Sunday, December 28, 2014

Cellular Aging Clocks Influenced by Father's and Grandfather's Age

The journal Proceedings of the National Academy of Sciences has a nice Fathers' Day present for all those men who waited until they were older to have kids. Those molecular-scale aging clocks known as telomeres tend to be set longer for those of us with older fathers, and even more surprisingly, those of us whose fathers had older fathers. (If this is true then my cells are doubly gifted since my dad was in his late 30s when I was born and his father was about 40 when he was born).

Cellular Aging Clocks Influenced by Father’s and Grandfather’s Age

The journal Proceedings of the National Academy of Sciences has a nice Fathers’ Day present for all those men who waited until they were older to finish having kids. Those molecular-scale aging clocks known as telomeres tend to be set longer for those of us with older fathers, and even more surprisingly, those of us whose fathers had older fathers. (If this is true then my cells are doubly gifted since my dad was in his late 30s when I was born and his father was about 40 when he was born). 

Telomeres are often compared to the caps on the ends of shoelaces. They protect our chromosomes and keep them from fraying. As we age, our telomeres inexorably shrink, causing the death of our cells and, eventually, us.

When we reproduce, the telomere clocks get reset in our sperm and eggs. There was some indication that Dolly the sheep and other cloned animals are born with abnormally short telomeres because they didn’t go through the normal reset process. Understanding how telomeres can be regenerated led to the 2009 Nobel Prize for a team of three researchers, including Jack Szostak, who has been featured in this blog for his work on the origin of life.

The new research on fathers' and grandfathers' age demonstrates a fascinating merger of nature and nurture, genes and environment. For years, it was verboten to consider the idea that any of us could inherit any environmentally-induced trait. That was considered wrong “Lamarckian” evolution, after the famous French evolutionist who predated Darwin but didn’t figure out natural selection.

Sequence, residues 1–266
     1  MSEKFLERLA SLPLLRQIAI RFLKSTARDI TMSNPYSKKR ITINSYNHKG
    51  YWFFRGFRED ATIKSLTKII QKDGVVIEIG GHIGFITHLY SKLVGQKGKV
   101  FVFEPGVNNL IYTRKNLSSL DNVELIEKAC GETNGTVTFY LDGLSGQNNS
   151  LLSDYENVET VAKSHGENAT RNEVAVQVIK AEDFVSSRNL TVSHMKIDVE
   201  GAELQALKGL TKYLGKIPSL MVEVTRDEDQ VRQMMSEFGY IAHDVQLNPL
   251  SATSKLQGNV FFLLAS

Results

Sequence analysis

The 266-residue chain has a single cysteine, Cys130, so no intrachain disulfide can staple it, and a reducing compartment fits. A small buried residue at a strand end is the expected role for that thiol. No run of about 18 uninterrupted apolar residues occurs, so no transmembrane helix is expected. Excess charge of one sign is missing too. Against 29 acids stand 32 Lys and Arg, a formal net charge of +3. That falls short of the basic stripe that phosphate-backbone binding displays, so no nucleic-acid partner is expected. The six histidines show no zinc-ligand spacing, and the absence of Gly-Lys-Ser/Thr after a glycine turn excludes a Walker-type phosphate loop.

Most of our biological inheritance is genetic and isn’t influenced by our parents’ various habits, behaviors or choices, but some so-called “epigenetic” changes do alter the chemistry surrounding the DNA. Some of those changes are lost in the production of sperm and eggs, but apparently not all of them.

Like most things, there’s an upside and a downside to having long telomeres. The downside is that long telomeres are associated with cancer cells. Building up telomeres is one of the many tricks cancer cells acquire in order to grow out of control. So it’s possible that if we ever figured out a way to keep our telomeres long, we would become more cancer-prone. It's always something.

Read the PNAS paper here:http://www.pnas.org/content/early/2012/06/05/1202092109.abstract

Read the Associated Press news report here:
 http://www.newser.com/article/d9vb42do2/tips-of-your-chromosomes-may-inherit-a-potential-health-benefit-from-your-dad-and-grandfather.html Here's an excerpt:

"One analysis of about 2,000 people confirmed the idea that the older your dad was when you were born, the longer your telomeres tend to be. That held true throughout the age range of the fathers, who were 15 to 43 at the time their sons or daughters were born.
Researchers then extended that another generation: The older your father's father was when your father was born, the longer your telomeres tend to be. That analysis included 234 grandchildren. A separate analysis found no significant effect from the mother's father.
The telomere contribution from a grandfather adds to the one from the father, researchers found.
The new work didn't look at health outcomes. That's a future step, said researcher Dan T.A. Eisenberg of Northwestern University. He presents the results with colleagues in Monday's issue of the Proceedings of the National Academy of Sciences.
Carol Greider of Johns Hopkins University, who shared a Nobel Prize in 2009 for telomere research but who didn't participate in the new study, said it's no surprise that the telomere effect would extend beyond children to grandchildren."



 

About this blog
Faye Flam - writer
In pursuit of her stories, writer Faye Flam has weathered storms in Greenland, gotten frost nip at the South Pole, and floated weightless aboard NASA’s zero-g plane. She has a degree in geophysics from the California Institute of Technology and started her writing career with the Economist. She later took on the particle physics and cosmology beat at Science Magazine before coming to the Inquirer in 1995. Her previous science column, “Carnal Knowledge,” ran from 2005 to 2008. Her new column and blog, Planet of the Apes, explores the topic of evolution and runs here and in the Inquirer’s health section each Monday. Email Faye at fflam@phillynews.com. Reach Planet of the at fflam@phillynews.com.

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